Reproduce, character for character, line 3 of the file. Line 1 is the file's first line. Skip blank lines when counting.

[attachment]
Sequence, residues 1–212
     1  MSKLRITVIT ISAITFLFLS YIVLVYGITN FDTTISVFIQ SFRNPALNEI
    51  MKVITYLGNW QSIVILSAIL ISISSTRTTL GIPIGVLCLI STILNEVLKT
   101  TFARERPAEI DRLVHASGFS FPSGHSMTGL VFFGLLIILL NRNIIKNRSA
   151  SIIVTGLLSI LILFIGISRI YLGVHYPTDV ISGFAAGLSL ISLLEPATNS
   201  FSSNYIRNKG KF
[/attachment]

    51  MKVITYLGNW QSIVILSAIL ISISSTRTTL GIPIGVLCLI STILNEVLKT